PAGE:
A recent research from the King’s College London in the United Kingdom suggests that loneliness may significantly affect the sleep quality in young adults.
For their study, a team of researchers analyzed the data of 2,232 young adults aged between 18 and 19 years, who participated in the Environmental Risk Longitudinal Twin Study. Having completed the questionnaires, the 25 to 30% of the study participants reported that they sometimes felt lonely, while nearly 5% said that the often felt lonely.
The findings of the study show that the participants who felt lonely were 10% more likely to have poor sleep quality compared to those who did not report loneliness. Additionally, they were 24% more likely to experience daytime tiredness and issues with concentrations.
Lack of sleep and all the possible sleep disorders are increasing the risk of developing various diseases at any age. But in adolescents, even when total duration of nighttime sleep is normal, reduction one of its phases fraught with the development of diabetes.
Sleep consists of different phases, during which specific changes of brain activity can be observed. The so-called phase of REM sleep tends to decrease with age, however, researchers in the US found very early start of reducing this phase, which can occur with the onset of adolescence, associated with severe metabolic disorders in a young body.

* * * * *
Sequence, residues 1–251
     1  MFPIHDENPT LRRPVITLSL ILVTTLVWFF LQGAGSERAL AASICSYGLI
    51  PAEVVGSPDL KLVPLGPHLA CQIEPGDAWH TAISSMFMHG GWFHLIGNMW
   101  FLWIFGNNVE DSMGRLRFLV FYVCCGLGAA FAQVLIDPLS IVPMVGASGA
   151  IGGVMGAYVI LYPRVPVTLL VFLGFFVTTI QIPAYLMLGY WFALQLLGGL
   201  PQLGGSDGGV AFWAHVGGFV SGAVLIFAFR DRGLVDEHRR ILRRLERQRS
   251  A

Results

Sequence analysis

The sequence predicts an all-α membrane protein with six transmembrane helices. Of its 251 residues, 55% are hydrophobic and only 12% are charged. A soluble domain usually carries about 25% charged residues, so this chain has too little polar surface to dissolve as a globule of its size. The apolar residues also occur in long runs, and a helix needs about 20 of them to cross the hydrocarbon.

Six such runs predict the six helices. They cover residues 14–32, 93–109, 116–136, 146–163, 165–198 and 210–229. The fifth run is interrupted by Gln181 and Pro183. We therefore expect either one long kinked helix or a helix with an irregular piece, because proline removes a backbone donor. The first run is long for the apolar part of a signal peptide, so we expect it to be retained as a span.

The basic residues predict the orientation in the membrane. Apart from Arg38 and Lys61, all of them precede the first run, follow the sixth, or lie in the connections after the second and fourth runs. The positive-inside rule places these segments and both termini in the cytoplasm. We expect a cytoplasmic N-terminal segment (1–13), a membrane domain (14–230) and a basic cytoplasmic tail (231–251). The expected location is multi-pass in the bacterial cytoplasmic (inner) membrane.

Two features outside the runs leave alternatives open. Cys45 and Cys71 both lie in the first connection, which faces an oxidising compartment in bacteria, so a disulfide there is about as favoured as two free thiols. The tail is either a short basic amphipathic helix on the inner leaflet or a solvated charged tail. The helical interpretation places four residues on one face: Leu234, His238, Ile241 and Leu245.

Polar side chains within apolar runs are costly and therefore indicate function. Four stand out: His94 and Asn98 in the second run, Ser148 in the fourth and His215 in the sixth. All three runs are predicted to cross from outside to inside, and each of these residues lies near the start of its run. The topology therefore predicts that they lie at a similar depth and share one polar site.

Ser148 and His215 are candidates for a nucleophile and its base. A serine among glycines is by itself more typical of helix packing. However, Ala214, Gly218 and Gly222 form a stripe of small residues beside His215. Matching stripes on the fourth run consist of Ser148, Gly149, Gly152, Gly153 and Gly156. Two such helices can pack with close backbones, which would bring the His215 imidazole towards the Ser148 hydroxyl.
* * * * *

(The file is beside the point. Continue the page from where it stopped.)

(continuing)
Scientists from the Pennsylvania State University found that the reduction of sleep phases with slow variations in the electrical potential, which is observed in adolescents, who are staying up overexcited (for example, after the computer games or entertainment with smartphones), can lead to early onset of diabetes 2- type.
Penn researchers examined 700 children aged 5 to 12, of which 53.9% were boys in a somnological laboratory. The children slept in a specially equipped laboratory for an average of 9 hours, during which scientists were using special equipment to determine the duration of young people’s sleep phases. During the second experiment, which was carried out 8 years later, in addition to studying the phases of sleep in all volunteers, they took blood samples for research on insulin levels and tested the cognitive functions.
The researchers found that boys who were in breach of the slow phase of sleep, comparing with their peers with normal sleep are more often have an increased resistance of the body’s cells to insulin. In addition, teenage boys with REM sleep phase disorders more commonly have excessive deposition of fat in the waist area and the deterioration of the ability to concentrate. The total duration of nighttime sleep of participants has not changed much over the 8 years that passed between the two phases of the experiment. The authors of this study noted that girls with insufficient duration of REM sleep phase were not linked to these disorders.